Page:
b. Freedom of Peaceful Assembly and Association

The legal system recognizes the right of peaceful assembly, and the Government respects this right in practice. Permits are not required for private meetings or gatherings unless held on public property; these are granted routinely. The Constitution provides for freedom of association. Private associations must register with the Government; such registration is approved routinely.

c. Freedom of Religion

Freedom of religion is protected by law, and the Government generally respects this right in practice. In effect the state religion is Therevada Buddhism, but other religions are not restricted.

d. Freedom of Movement Within the Country, Foreign Travel,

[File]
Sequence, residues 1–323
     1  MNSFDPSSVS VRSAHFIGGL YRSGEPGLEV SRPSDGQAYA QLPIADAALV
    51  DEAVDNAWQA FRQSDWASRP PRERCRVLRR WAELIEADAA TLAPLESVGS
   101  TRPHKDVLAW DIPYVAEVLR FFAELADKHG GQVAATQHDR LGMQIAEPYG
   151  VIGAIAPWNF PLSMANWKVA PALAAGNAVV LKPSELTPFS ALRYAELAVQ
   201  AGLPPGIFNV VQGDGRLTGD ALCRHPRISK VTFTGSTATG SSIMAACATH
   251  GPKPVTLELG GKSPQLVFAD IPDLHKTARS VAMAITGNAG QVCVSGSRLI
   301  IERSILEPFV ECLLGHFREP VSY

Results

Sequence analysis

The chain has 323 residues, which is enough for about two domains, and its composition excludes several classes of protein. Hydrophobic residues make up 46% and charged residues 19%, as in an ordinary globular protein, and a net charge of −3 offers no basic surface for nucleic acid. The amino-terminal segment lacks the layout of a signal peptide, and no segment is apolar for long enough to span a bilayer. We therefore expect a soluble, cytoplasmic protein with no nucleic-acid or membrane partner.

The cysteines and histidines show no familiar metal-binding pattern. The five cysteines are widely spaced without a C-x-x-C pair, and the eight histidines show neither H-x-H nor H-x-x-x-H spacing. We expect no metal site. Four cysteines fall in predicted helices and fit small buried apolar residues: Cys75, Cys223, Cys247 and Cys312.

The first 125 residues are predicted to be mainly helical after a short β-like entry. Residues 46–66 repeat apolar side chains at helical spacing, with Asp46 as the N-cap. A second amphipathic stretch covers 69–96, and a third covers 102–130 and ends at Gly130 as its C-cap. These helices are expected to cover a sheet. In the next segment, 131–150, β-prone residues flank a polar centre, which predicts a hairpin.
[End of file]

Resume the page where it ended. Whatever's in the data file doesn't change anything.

Emigration, and Repatriation The Constitution provides for the right of citizens to change their residence or workplace, and authorities respect this right in practice. Long-standing restrictions on the travel and domicile of certain Vietnamese aliens who immigrated to Thailand in 1945 and 1946 and Chinese who immigrated between 1953 and 1961 remain in place. In addition some long-term noncitizen residents, including several hundred thousand tribal persons, are required to seek permission from local authorities or the army for foreign or domestic travel. In practice authorities rarely enforce these restrictive measures, and registered resident aliens are able to move freely within the country. In 1996 the Government issued a regulation allowing illegal alien workers already in the country to register and obtain work permits for manual labor employment in 43 of the 76 provinces. From September 1996 until May 1997, over 323,000 of an estimated 700,000 to 1 million aliens registered, and over 313,000 were issued work permits. Aliens taking advantage of this regulation are allowed to work and move freely for a 2-year period, after which the Government reserves the right to deport them formally. During 1997 and 1998, in response to the economic crisis, the Government rescinded these regulations in most industries, with the exception of some sectors such as fisheries and rice milling. Additional allowances for employment of migrant labor were made in border areas. The Government deported approximately 300,000 migrant workers to Burma. Thailand continued to provide asylum to small numbers of Vietnamese and Lao asylum seekers pending their resettlement in third countries, as well as to persons unable to meet the refugee definition pending arrangements to return them to their countries of origin. There were no reports of new refugees arriving from either Laos or Vietnam and no reports that officials had turned back persons seeking asylum from those countries. Along the border with Burma, the Government generally followed its policy of providing first asylum to new arrivals, but continued to condition entry on "flight from fighting," rather than on broader grounds of persecution on the basis of race, religion, ethnic group, social class, or political opinion. Consequently, there were several thousand asylum seekers, mostly of the Karen ethnic group, who resided in Thailand but were not officially acknowledged as refugees, and were not permitted to receive assistance and protection in designated refugee camps. In addition, in March security forces failed to provide adequate protection to refugees in three camps in Tak province against intruding forces from Burma. However, there were no reports that security forces forcibly repatriated any asylum seekers to Burma. The Government continued to provide first asylum to 35,000 citizens of Cambodia who had crossed into Surin, Sa Kaew, and Trat provinces since 1997 to escape factional fighting in Cambodia. There were no reports that any persons were forcibly returned to a country where they feared persecution. There is no legislation regarding the treatment of refugees. However, the Government continued to permit the United Nations High Commissioner for Refugees (UNHCR) to exercise its mandate with regard to small numbers of Vietnamese and Lao asylum seekers who were mostly screened out and awaiting return to their countries of origin, as well as more that 30,000 Cambodians. For the first time, the Government officially agreed to a formal role for the UNHCR in monitoring and providing protection to about 112,000 refugees from Burma, mostly ethnic minorities, in more than one dozen sites near the border with Burma. This action was a significant expansion of the UNHCR's previous mandate, which had been limited to a few hundred ethnic Burman students at the Burmese Center, formerly known as the Burmese Student Safe Area, located in Ratchaburi province. The Government continued to restrict access to the Center to those persons from Burma to whom the UNHCR had accorded refugee status prior to mid-1996. In September the Government admitted 190 Burmese whose family members were already resident in the Center, and agreed in principle to admit several hundred other persons recognized under the UNHCR's mandate who had been awaiting entry, some for more than 2 years. However, by year's end, none of the latter group had been allowed to enter the Center. The Government also continued to allow NGO's to provide food, medical services, housing, and other services to Burmese refugees near the border. While government officials periodically arrested Burmese outside designed camps as illegal aliens, the Government did no deport any Burmese person recognized by the UNHCR as a "person of concern." In one incident, a group of Burmese dissidents, including some recognized as refugees by the UNHCR, were arrested, taken to the border and ordered to return to Burma. The group had declined UNHCR assistance and requested deportation in the belief that they would be released inside Thailand. At year's end, 45 persons of concern, including 6 Burmese dissidents, remained in immigration detention centers in the central provinces. At the Special Detention Center, 30 persons of concern remained, including 24 of the 31 Burmese citizens who had been arrested for demonstrating at the Burmese Embassy in August (see Section 1.d.).